The Shop Talk panelists talk about some of the issues that confronted journalists during the past year and their concerns for the profession as the new year approaches.
Panelist Jasmine Crighton said journalism was once considered a prestigious job and journalists were trusted. She said that’s eroded in recent years and the trend continued this year, especially with cries of “fake news” from those who don’t like what’s reported about them.
Crighton is also concerned about the proposed merger between Sinclair Broadcast Group and Tribune Media, which would put Sinclair stations in 75% of the nation’s TV markets. Crighton said surveys show local stations are generally trusted by the viewers but that could change under Sinclair ownership because the corporation requires its local stations to run content that’s heavily slanted.
Panelist Will Buss is concerned about the still dwindling size of newspaper staffs. He worked part-time this summer at the same paper he worked for nearly two decades ago. He was stunned by how much it has changed and he was surprised by how heavily the paper leaned on his assistance even though he was just a part-time reporter.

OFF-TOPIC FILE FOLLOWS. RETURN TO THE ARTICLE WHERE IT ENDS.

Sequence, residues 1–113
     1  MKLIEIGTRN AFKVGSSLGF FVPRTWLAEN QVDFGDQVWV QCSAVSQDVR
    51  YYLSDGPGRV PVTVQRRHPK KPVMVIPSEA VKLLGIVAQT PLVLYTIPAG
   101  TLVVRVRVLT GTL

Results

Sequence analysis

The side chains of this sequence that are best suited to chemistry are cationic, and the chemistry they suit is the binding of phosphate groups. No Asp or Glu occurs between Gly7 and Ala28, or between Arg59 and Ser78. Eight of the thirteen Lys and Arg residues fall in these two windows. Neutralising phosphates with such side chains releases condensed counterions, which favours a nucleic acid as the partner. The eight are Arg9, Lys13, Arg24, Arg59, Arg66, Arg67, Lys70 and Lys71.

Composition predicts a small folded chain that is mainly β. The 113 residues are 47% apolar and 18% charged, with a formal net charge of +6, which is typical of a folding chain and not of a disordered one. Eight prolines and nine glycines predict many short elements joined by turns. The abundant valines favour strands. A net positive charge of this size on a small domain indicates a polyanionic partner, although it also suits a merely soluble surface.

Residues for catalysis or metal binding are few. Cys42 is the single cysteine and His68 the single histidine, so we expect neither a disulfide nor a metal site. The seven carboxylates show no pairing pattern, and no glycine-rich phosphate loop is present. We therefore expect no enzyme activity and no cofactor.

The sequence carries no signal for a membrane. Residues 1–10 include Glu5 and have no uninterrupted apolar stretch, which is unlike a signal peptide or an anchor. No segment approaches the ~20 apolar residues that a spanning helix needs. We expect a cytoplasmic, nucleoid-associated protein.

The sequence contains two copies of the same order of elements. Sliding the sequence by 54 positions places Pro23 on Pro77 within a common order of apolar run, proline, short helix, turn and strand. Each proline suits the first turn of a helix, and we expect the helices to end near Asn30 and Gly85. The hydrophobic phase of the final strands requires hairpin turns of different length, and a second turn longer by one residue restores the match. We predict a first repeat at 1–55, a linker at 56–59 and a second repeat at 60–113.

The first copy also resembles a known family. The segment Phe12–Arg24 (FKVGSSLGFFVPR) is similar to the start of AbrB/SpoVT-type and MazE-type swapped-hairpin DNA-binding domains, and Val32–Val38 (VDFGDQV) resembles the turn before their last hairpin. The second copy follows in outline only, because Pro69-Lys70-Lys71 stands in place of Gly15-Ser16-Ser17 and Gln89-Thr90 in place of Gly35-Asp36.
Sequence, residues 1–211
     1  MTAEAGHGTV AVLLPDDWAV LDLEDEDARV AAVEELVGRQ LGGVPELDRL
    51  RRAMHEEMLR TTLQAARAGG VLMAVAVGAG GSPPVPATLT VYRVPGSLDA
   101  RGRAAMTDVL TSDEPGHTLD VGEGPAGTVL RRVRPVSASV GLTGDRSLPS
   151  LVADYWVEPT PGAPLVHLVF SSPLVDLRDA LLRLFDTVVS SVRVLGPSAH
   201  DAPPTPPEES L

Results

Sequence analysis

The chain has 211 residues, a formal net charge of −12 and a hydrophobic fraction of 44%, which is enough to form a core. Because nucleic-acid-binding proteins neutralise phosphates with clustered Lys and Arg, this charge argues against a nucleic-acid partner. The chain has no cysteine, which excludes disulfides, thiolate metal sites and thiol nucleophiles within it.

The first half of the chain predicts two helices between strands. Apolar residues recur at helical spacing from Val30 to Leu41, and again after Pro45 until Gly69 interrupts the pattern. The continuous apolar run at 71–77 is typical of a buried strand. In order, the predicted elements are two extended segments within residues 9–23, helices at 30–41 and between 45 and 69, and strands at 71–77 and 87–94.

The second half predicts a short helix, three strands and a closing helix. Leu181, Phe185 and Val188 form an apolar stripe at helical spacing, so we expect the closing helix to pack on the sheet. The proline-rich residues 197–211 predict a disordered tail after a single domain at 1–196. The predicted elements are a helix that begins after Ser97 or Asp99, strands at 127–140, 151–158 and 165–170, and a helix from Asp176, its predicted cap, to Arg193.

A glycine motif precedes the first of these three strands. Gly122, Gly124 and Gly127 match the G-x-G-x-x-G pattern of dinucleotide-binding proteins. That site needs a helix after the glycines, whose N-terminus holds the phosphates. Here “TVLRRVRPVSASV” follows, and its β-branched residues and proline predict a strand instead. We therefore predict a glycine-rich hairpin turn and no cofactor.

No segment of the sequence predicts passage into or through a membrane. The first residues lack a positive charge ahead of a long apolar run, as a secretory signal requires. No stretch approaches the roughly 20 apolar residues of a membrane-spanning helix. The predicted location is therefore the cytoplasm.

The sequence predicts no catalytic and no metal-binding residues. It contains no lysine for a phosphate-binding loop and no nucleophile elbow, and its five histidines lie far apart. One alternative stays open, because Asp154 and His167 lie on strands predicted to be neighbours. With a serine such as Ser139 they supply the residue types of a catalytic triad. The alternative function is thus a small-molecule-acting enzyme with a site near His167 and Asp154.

Buss said it’s impossible to cover everything happening – even in a small town – with just two or three reporters and an overall staff that’s not much larger.
He also said there is too much punditry and spin in the media, and there are too many people who only want to hear information that agrees with their opinions.
Panelist Rich Egger said TV stations and newspapers seem to be following the lead of commercial radio stations, which have already seen their news staffs shrink or disappear. He said big corporations have bought commercial stations that now churn out generic content to air across the country.
The panelists say the big challenge is finding ways to make journalism profitable without cutting staff sizes.
Jasmine Crighton is News Director of NEWS3 at Western Illinois University and Will Buss is the Director of Student Publications at WIU.